MetroWest towns like Boxborough, Hopkinton, Southborough and Sudbury might never be considered exactly affordable – especially not these days, with Hopkinton the cheapest among those four with median home prices this year of $635,000.
But those towns are leading the way in MetroWest and much of the rest of the state in adding new housing units subsidized to be affordable for a typical working family.
In these communities and across Central Massachusetts, the rate of new subsidized housing units has sped up as the housing market has remained tight, outpacing the state average. Of the more than 3,000 deed-restricted affordable housing units added in Central Massachusetts in the past decade, nine out of 10 have hit the market in the past three years.
Yet, lack of affordable housing remains an issue, as only 16 percent of Central Massachusetts communities have at least 10 percent of their housing stock classified as affordable. This lack of affordable housing comes as the rental vacancy rate remains below acceptable levels and housing prices continue to rise.
"It's great to be the world center for life sciences, it's fantastic," said State Rep. Carmine Gentile (D-Sudbury), who serves on the state's Joint Committee on Housing. "Massachusetts is a great place for business now, and a great place to live, but the lack of housing is really starting to cause problems."
Controlling affordable developments
Some cities and towns have changed zoning to better accommodate development. Few anywhere have been proactive as Littleton, whose location near the intersection of Route 2 and I-495 helps bring in newcomers.
Littleton has taken a take-charge attitude because it "wants to be the master of its affordable housing destiny," Town Administrator Keith Bergman said.
About five years ago, Littleton was forced to allow a dense residential development under the state's affordable housing law, Chapter 40B, because less than 10 percent of the town's housing stock was restricted by deed to be affordable. Town officials were convinced they should reach the 10-percent threshold in order to keep potentially unwanted projects at bay, Bergman said. That way, the town could better determine where projects go and what they look like.
"It's really been the policy approval of the Board of Selectmen and the Planning Board," Bergman said of the support for development-friendly zoning.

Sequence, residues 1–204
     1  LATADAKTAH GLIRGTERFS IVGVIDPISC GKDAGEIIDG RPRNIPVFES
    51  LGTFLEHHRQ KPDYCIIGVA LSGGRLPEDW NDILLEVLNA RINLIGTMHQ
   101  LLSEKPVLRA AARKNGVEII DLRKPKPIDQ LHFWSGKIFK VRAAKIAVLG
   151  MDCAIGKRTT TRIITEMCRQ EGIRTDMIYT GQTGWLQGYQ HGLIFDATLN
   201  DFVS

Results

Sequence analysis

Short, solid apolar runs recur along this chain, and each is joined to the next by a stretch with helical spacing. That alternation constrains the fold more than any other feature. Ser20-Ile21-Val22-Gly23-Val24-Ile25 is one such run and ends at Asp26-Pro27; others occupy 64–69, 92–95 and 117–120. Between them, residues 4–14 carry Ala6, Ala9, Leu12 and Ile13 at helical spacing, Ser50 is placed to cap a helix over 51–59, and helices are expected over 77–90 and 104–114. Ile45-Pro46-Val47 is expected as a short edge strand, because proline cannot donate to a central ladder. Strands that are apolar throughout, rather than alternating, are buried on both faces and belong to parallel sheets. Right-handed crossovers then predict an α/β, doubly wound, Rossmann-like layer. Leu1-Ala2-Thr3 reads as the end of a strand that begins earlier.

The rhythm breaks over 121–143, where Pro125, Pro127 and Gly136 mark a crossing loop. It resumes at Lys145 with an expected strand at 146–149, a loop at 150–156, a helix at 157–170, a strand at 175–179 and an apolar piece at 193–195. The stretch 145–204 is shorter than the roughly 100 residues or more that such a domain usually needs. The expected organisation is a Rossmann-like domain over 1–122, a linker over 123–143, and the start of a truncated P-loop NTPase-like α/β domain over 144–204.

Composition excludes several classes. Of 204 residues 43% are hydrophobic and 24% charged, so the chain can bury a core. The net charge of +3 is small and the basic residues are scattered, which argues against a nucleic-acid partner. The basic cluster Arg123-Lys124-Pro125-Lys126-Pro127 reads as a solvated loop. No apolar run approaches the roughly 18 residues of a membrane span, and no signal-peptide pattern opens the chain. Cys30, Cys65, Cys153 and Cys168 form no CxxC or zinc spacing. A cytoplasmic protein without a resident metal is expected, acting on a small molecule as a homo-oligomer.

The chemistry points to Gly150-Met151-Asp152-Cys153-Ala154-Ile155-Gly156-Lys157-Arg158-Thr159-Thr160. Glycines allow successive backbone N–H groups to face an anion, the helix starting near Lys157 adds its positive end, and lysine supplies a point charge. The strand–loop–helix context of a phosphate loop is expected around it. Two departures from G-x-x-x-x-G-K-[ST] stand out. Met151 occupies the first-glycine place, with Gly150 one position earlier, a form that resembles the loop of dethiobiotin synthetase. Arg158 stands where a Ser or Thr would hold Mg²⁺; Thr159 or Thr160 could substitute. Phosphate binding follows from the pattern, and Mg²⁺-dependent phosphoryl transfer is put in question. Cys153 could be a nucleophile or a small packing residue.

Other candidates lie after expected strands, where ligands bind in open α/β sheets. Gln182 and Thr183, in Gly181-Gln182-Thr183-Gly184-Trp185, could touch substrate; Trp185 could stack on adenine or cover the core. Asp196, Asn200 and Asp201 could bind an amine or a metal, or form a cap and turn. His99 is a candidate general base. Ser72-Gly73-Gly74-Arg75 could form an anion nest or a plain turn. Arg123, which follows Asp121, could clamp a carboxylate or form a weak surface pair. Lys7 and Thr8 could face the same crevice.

Littleton is determined to stay above a 10-percent threshold. In communities below that level, developers can override local zoning regulations – allowing them to build more densely – if at least one-fourth of the development's units are set aside for affordably priced units.
To avoid this, Littleton requires any new development of six units or more to have 10 percent of its units restricted for affordability.
Natick has taken the same step. One new development rising across from the Natick Mall is a 164-unit senior housing development called Avenu at Natick that will include 17 affordable units.
"It's really to keep pace," Ted Tye, a managing partner with Newton-based National Development, which is building Avenu at Natick, said of the town's bylaw. "Natick was very welcoming to us."
Requiring affordable units in a densely built town where home prices this year have averaged $595,000 has been the result of what Town Administrator Melissa Malone called Natick's welcoming attitude. The town has created an affordable housing trust from which it can draw funds to help create new units.
"It's the ethos of the community," Malone said, adding that adding new housing also requires careful planning. "We're at a crosspoint now with a great amount of growth, and we can't willy-nilly put units up without being thoughtful about how it affects transportation and schools and other places."
Still hurting for housing